On 31 July 2013, the last day of the most recent Parliamentary session, the UK Department for Business, Innovation and Skills announced changes to its proposed reporting requirements for arms exports (see Notice to Exporters 2013/18).
These changes represent a major reversal from the government’s previous commitment to increase public accountability for the export of arms, military supplies and dual-use products. The government has not been forthcoming as to why these changes were made. Loosening these requirements will make tracing the flow of arms from Britain to countries with problematic human rights records much more difficult than would have otherwise been the case.
The government has backtracked from its previous explicit commitment, as announced to parliament by Secretary of State Vince Cable on 13 July 2012, to collect data on open licences which would include “a description of the items exported or transferred, the destination, value and/or quantity, and some information about the end-user”, and then to publish this data “in aggregated form, by destination”. Instead it will collect and publish information only on the number of times an open licence is used and on the country of destination.
This will mean that in the case of Egypt, for example, the public record will not distinguish between an export of a small amount of technical equipment such as a few naval radar system components or an export of a large quantity of machine guns, ammunition or riot control agents which might be used against civilian populations. Ironically, it was the Arab Spring that prompted the review of existing practice in the first place.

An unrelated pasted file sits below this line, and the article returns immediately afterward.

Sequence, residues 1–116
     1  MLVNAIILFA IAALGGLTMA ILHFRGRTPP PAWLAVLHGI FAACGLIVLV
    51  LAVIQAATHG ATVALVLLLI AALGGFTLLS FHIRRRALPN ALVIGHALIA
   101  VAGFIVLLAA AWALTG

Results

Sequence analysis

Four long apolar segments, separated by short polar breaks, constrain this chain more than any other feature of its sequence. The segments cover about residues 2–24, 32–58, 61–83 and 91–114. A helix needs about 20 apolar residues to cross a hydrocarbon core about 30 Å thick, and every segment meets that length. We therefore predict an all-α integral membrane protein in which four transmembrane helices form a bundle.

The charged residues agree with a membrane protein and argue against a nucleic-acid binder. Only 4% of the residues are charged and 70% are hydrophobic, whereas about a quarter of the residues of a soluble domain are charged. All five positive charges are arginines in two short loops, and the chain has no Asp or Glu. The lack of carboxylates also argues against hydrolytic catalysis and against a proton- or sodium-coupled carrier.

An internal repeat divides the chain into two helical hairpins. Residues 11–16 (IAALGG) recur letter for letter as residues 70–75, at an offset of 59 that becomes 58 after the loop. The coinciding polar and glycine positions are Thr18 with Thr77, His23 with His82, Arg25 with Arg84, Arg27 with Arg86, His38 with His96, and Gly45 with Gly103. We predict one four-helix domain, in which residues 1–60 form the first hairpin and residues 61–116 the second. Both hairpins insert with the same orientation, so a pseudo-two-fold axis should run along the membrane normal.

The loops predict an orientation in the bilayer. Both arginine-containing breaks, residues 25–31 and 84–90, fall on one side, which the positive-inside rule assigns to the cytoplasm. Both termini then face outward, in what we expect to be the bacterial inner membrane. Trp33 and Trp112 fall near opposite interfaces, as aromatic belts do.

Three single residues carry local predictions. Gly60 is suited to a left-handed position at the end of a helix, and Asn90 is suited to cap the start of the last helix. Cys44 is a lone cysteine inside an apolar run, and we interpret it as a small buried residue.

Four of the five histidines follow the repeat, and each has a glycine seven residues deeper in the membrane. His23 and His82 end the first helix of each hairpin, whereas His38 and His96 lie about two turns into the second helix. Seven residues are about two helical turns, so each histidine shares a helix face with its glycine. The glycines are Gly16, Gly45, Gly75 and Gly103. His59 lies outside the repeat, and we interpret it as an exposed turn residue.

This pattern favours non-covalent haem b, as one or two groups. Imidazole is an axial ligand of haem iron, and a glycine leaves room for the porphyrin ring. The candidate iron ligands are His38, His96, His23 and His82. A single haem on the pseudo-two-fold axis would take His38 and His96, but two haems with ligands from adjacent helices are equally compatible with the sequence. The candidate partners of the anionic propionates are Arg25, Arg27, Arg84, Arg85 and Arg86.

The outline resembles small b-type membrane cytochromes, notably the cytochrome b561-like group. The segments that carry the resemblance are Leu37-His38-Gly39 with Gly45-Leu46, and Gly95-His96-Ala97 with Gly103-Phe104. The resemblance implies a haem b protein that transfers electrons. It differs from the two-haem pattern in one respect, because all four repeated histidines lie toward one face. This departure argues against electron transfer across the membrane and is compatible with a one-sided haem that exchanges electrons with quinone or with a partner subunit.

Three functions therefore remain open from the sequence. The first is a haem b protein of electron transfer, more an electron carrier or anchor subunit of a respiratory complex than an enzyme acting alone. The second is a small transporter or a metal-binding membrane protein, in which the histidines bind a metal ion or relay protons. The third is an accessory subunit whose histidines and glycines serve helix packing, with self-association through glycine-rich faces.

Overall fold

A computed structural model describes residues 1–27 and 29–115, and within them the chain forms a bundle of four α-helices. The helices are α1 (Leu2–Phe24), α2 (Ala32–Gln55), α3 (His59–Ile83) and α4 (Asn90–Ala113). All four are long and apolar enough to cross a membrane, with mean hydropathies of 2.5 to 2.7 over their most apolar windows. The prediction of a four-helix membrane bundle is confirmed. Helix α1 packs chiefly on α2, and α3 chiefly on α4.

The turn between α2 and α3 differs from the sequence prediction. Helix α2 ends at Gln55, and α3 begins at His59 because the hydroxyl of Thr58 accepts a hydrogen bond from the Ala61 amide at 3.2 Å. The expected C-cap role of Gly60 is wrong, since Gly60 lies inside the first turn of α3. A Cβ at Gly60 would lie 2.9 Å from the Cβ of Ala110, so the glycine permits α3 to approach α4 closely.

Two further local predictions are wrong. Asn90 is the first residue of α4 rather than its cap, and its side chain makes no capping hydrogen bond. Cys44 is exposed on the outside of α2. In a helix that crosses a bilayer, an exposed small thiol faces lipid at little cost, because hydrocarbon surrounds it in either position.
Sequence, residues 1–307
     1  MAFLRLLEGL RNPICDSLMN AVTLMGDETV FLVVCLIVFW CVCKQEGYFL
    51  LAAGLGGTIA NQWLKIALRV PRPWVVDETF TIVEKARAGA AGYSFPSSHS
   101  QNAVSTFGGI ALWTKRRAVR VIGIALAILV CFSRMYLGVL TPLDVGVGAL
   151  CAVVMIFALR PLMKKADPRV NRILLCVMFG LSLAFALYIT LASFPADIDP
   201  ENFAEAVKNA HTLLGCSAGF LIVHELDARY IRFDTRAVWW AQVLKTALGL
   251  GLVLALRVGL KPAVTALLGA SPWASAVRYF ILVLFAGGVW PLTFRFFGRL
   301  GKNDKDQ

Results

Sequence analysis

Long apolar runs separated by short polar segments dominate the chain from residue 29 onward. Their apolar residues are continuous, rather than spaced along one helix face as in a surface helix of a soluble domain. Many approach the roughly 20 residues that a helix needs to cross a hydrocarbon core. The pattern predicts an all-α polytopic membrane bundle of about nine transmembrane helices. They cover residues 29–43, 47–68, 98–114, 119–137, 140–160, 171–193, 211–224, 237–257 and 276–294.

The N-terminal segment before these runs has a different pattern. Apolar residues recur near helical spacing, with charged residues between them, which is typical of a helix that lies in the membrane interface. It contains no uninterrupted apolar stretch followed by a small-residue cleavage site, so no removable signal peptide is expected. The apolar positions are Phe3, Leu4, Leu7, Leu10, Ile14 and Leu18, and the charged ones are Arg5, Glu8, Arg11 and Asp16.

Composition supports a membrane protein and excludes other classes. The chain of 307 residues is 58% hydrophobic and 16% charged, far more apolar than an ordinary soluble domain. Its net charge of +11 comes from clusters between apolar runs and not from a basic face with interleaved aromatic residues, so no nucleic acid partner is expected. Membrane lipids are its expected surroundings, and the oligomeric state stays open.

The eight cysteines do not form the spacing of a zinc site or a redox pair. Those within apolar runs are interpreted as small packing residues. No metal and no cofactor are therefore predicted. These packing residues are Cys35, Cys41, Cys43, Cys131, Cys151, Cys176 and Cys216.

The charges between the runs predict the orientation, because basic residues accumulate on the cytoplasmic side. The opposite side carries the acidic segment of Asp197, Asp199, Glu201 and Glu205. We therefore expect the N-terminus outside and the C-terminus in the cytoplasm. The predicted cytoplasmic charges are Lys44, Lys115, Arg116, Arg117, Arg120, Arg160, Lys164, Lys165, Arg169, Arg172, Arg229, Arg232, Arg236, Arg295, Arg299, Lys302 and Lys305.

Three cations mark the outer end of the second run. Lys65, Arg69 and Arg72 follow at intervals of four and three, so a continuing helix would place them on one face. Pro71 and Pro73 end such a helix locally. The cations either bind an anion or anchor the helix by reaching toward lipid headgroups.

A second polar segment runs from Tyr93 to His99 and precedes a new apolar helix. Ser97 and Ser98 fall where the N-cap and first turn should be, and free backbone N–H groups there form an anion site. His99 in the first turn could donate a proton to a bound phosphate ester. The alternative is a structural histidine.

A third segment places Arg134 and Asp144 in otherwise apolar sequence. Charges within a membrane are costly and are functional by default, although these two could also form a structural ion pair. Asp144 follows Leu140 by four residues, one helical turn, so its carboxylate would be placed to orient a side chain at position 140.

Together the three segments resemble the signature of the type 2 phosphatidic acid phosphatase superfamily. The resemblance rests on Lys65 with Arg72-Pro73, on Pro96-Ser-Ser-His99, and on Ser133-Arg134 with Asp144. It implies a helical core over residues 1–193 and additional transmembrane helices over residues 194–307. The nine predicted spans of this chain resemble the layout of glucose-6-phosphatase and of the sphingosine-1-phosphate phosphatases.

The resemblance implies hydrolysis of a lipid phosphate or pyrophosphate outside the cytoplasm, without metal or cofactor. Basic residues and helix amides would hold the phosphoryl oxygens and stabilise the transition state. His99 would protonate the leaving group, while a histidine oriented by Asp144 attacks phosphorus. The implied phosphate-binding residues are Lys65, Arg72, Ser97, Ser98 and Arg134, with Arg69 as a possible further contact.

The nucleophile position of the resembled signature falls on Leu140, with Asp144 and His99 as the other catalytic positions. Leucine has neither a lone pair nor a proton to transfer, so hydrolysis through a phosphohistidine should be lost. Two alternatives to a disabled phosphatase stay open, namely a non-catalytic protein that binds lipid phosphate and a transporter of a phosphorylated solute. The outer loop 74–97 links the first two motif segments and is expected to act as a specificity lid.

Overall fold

“The changes announced by the Secretary of State last July were an implicit acknowledgement that the existing system of reporting is inadequate,” said Roy Isbister, Head of Arms Transfer Controls at Saferworld. “But the government’s good intentions have apparently shrivelled on the vine, as the latest proposals mean we are virtually back to where we started.”
“Given the government’s prior emphasis on transparency, this is a puzzling development,” said Iain Overton, Director of Policy and Investigations for AOAV. “Companies already keep comprehensive information on their exports, and their formal responses to the Government Consultation on possible changes suggested they were for the most part comfortable with the previous proposals. More than half of EU Member States already report on the type and scale of their arms exports to different countries. So why not the UK?”
AOAV and Saferworld jointly call upon the government to urgently re-visit this policy change. Real accountability demands that the public properly understands the consequence of the government’s arms transfer control policies. The government appeared to have acknowledged this point in 2011 and 2012, but this is another worrying sign that they are falling back on old habits.
We call upon the government to clarify the rationale for these changes, and to honour its previous commitment to substantively improve reporting on arms exports under open licences. The majority of EU nations already report publicly on arms exported under any licence from their territories. Given their stated commitment to human rights and ethical business practices abroad, the UK Government should be leading in this field, not lagging behind.
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